First Chef is the title given to the first chef to enter the kitchen in the morning, running the breakfast shift.  As in,

“Who’s the First Chef tomorrow?”
“I am, Chef!”
“Well, don’t be F&^%king late like last time.”
“Yes, Chef.”

It was Oxford, 2001 and I was a Chef De Partie in a well-known French bistro and bar.  We used to pump out 300 + meals a night, everything from chicken liver pate to crab tarts to cassoulets.  I was on grill section – steak frites, grilled chicken, Toulouse sausage, tuna, salmon – there was a lot to manage.  I also didn’t have control of the final dish; I was just a part to the end product.  The sausage, for example, was served with pommes puree, which came from another station, and my seared tuna had to make its way to the salad section for the Tuna Nicoise.  As my items usually took priority, all other chefs had to work to my schedule, making the pressure that much more.  However, the general rule of thumb was don’t overcook or undercook anything, and you’ll live to cook another day.

Our first chef was a young Egyptian French guy called Atif.  I remember distinctly his arms and hands were covered in scars and old burn marks that told his story of behind the kitchen line.  As the First Chef, he would arrive at 5 in the morning, to prepare for his breakfast shift.  Breakfast wasn’t too busy, but we did serve as the breakfast room for the small hotel that was directly above us.  There could be around 80/90 people coming down for breakfast on some peak days, plus some random walk-ins.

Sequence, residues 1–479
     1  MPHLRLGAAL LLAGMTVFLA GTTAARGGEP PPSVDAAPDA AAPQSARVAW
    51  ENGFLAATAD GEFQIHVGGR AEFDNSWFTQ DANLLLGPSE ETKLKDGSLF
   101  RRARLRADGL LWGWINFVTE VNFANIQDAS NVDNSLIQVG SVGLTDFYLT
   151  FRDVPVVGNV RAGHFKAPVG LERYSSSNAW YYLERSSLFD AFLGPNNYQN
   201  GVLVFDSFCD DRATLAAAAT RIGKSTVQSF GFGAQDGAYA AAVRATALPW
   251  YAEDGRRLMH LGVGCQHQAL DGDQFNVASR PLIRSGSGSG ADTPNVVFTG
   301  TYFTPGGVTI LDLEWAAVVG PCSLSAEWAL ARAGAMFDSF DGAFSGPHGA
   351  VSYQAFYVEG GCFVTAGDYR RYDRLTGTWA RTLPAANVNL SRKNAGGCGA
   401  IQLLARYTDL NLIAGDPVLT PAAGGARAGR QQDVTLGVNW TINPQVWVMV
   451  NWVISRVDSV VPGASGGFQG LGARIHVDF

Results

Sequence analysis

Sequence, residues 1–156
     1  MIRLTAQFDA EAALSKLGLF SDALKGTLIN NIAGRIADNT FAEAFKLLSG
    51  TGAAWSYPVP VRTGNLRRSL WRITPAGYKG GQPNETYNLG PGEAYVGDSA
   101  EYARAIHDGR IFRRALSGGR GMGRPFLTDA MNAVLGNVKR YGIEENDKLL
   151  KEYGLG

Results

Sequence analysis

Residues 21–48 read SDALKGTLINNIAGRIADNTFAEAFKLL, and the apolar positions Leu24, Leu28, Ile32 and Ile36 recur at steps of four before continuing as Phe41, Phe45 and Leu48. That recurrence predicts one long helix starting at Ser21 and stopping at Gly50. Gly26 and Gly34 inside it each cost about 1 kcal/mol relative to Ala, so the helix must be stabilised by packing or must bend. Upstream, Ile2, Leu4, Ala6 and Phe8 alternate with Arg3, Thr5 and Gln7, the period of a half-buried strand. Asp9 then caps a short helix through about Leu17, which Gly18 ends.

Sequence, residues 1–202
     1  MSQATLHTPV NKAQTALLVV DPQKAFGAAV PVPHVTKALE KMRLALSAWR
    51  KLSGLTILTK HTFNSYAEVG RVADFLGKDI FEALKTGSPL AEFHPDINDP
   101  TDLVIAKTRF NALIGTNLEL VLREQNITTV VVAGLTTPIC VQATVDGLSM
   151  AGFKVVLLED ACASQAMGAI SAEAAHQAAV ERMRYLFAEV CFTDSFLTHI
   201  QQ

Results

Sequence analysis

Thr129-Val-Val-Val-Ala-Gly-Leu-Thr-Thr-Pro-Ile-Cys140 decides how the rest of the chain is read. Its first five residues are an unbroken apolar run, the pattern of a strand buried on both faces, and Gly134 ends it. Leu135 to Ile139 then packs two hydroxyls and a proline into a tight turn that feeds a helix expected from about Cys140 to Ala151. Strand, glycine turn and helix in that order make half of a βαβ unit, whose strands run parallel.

I used to arrive around 10 am for my shift and would always catch the tail end of his.  He would often help us out with mis-en-place for the lunch shift.  Atif took life at a certain pace.  He was a big weed smoker, often chopping his buds on the same chopping board and with the same knife as he would chop the mushrooms for a full English breakfast order.   He was unhurried and chilled about most things, but also acted with brutal efficiency and precision.  It was almost as if he never wanted to exert any energy that was not absolutely essential.  Atif was a pretty talented chef but never wanted to be anything other than the First Chef.  The general consensus was because he was so lazy that he didn’t want the stress and high pace of a busy Friday night.

I recall he was helping me pour a large stockpot of boiling water down the sink.  I lost my grip on the handle as we raised it to the sink.  Boiling water drenched my apron across my entire groin area.  Within surprising speed and accuracy, Atif somehow grabbed a small paring knife and sliced the apron strings and pulled the boiling hot apron fabric off me before it soaked through to the skin.  In hindsight, he could have stabbed me instead, which would have been a really bad day – third-degree burns and a small vegetable knife hole in my back.

However, the best story I remember about him was when we were expecting to be particularly busy for breakfast.  I took the early shift to support him and learnt a very valuable lesson in laziness.